Now call me cynical, but I wonder if this Fonda issue is the real issue that some conservatives have with the film (I am sure that some do); I really wonder if they are reacting to
1. Some of the genuine sins of the country being exposed and
2. Barack Obama being portrayed positively.

I really wonder.

August 25, 2013 Posted by | movies, racism, social/political | , , | Leave a comment

Does “profiling” make a community safer?

I saw this on Facebook:
Screen shot 2013-08-06 at 4.25.13 PM

First of all, you can look up these supposed statistics here, here, here or here. Two of these pages allow you to sort the cities by whatever factor (crime rate, type of crime rate, etc.)

So the statement from the Facebook post is blatantly false.

But if it weren’t false, where is the fallacy?

Let’s do a thought experiment. Suppose I had such political influence that I could get the police force to police my neighborhood and “profile” anyone who doesn’t look EXACTLY like me. That is, if you go into my neighborhood and you aren’t ME, you get questioned and harassed.

Guess what: *I* would probably be (marginally) safer! But this would be unfair, and the quality of life for everyone else (the not-me’s) would drop; you might say that the official crime rate against me went down, but the “crimes by the law enforcement against the citizens of the area” rate skyrocketed.

So, suppose you profiled every young black male that went through my neighborhood. Yes, much of the “mugging” crime around here has been done by black males (almost all, in this small region).

Those of us who lived here who AREN’T black males would be safer, but the black males, who have every bit as much right to be here as the rest of us, wouldn’t be. And the vast majority of them are behaving legally; the actions of a few idiots have nothing to do with them.

You might say that profiling actually makes more citizens less safe as it shifts some of the “law enforcement crimes” to a particular group of people, though it might lower the official crime rate against other groups of people.

But all too often we go by what might be “best” (in the short term) for our own particular subgroup than what is best for ALL of our citizens on the whole.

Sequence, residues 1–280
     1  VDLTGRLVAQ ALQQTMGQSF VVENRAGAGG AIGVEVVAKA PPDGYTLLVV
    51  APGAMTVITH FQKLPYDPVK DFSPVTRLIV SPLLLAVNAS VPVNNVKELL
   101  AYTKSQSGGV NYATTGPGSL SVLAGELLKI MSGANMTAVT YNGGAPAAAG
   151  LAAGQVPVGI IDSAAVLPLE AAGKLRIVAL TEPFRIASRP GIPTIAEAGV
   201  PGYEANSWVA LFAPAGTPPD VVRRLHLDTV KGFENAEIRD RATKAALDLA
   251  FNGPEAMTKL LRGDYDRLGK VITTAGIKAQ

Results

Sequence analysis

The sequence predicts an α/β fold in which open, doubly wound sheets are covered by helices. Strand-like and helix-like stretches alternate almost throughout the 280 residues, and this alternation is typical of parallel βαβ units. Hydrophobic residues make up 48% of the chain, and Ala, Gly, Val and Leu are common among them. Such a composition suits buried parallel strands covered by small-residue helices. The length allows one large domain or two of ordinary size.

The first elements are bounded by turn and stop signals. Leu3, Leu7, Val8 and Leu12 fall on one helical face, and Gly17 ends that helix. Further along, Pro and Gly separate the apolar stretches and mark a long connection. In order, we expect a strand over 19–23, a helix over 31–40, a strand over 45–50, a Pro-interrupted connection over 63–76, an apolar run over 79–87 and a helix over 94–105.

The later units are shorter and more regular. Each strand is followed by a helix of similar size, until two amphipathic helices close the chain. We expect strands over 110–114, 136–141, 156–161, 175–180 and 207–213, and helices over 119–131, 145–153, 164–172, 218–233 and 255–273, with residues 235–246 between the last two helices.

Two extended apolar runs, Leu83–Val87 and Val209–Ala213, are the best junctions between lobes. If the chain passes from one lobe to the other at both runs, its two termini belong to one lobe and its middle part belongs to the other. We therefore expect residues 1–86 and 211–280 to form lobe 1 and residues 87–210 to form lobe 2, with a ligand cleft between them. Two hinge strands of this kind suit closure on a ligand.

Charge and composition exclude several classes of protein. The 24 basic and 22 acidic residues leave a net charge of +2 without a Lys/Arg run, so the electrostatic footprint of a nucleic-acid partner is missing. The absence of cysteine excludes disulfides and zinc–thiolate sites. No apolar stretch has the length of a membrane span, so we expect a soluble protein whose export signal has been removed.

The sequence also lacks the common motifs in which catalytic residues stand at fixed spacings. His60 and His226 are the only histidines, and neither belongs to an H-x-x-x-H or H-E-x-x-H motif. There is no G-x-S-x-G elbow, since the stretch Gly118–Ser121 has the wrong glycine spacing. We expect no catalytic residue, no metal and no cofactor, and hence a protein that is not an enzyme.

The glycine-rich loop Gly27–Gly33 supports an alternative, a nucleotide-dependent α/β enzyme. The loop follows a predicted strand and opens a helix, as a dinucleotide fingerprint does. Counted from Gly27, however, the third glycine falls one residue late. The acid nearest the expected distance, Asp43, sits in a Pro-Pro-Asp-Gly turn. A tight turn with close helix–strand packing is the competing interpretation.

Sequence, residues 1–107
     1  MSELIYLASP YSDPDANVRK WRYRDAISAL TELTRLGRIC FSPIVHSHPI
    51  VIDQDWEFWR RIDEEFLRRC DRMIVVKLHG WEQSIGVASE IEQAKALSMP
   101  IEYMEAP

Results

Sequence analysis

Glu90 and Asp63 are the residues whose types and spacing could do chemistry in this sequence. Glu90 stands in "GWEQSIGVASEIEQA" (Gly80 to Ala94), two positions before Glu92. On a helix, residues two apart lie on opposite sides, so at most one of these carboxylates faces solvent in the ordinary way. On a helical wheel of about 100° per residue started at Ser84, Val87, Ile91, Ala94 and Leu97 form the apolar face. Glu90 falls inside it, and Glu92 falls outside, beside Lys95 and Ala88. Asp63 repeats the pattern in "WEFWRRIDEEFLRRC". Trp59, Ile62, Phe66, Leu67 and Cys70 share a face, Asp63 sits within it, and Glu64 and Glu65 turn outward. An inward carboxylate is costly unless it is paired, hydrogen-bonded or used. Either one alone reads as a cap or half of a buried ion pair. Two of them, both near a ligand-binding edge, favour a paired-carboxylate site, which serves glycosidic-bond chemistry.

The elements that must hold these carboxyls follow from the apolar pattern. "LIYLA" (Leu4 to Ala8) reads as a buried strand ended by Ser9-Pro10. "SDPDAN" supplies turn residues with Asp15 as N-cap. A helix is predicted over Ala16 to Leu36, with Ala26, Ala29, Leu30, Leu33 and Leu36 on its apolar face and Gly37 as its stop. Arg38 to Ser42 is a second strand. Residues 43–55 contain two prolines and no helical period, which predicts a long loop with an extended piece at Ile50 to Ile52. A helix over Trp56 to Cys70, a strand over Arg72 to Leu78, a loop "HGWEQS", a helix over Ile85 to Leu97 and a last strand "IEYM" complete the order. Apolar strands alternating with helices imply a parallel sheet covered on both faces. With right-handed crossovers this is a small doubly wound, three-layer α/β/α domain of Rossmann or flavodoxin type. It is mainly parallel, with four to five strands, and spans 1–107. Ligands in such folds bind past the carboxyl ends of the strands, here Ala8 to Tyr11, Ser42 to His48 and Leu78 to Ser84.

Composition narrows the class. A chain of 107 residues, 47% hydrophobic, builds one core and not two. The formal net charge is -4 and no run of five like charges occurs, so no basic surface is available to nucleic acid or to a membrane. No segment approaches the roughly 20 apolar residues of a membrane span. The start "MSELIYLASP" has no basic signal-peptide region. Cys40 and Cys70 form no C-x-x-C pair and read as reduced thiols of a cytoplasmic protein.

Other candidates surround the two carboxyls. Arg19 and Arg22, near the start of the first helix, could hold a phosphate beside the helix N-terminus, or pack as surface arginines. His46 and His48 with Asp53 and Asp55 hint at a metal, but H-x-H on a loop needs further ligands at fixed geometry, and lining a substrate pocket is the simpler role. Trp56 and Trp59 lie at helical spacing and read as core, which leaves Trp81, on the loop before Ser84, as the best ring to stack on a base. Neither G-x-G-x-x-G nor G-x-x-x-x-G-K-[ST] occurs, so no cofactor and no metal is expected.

August 6, 2013 Posted by | racism, social/political, Uncategorized | , | Leave a comment

White Youth: out of control. When will White America do something about it?

Does this remind you of anything? :-)

August 6, 2013 Posted by | racism, social/political | , | Leave a comment

Zonkies, trolls, strings and health insurance

Obamacare: Republicans are willing to trash the government to stop it:

If John Boehner is to be believed — which, admittedly, is a real question — Republicans are once again willing to push America into default and/or shut down the government if they don’t get their way. As Greg Sargent points out, this is amazing — and what’s equally amazing is how this is being treated as normal. Politics ain’t beanbag; but “I’ve got a bomb strapped to my chest, and the whole room gets it if you don’t hand over the money” is not normal tactics, especially if pursued repeatedly.

What adds to the awesomeness of the whole phenomenon is the absence of any halfway plausible rationale. To the extent that there ever was an economic justification for this brinksmanship — the claim that we were on the verge of a debt crisis, the claim that slashing spending would boost the economy — that justification has collapsed in the face of declining debt projections and overwhelming evidence that austerity has large negative impacts in a slump. [...]

Well, my guess is that despite being drenched in reality-repellent, Republicans are beginning to suspect an inconvenient truth: Obamacare is not going to be a self-destroying train wreck. Instead, it’s going to work — not perfectly, not as well as it should, but well enough to help far more people than it hurts. And if that’s how it turns out, it will be irreversible. So here comes a last-ditch effort to stop it, at all costs.

But think about that for a moment: the cause for which the GOP is willing to go to the brink, breaking all political norms, threatening the US and world economies with incalculable damage, is the cause of preventing people with preexisting conditions and/or low incomes from getting health insurance. Apparently, the prospect that their fellow citizens might receive this help is so horrifying that nothing else matters.

String Art
When I was young, I went to a summer enrichment program where we made “string art”; in our case we used straight strings to create thing that had the illusion of curves. The article I linked to describes Bezier curves; this is a type of spline described by parametric equations.

Zonkies A zebra can mate with a donkey; male zebra with female donkey. The other way is called a zonkra.

zonkey